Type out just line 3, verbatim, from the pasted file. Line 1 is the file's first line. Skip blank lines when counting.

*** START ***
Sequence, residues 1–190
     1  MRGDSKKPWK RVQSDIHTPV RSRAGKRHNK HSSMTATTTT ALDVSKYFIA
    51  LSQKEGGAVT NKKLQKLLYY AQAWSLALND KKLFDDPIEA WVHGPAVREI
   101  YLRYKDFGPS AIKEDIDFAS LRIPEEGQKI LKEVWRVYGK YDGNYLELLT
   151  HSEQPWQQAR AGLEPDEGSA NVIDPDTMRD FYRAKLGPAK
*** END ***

    51  LSQKEGGAVT NKKLQKLLYY AQAWSLALND KKLFDDPIEA WVHGPAVREI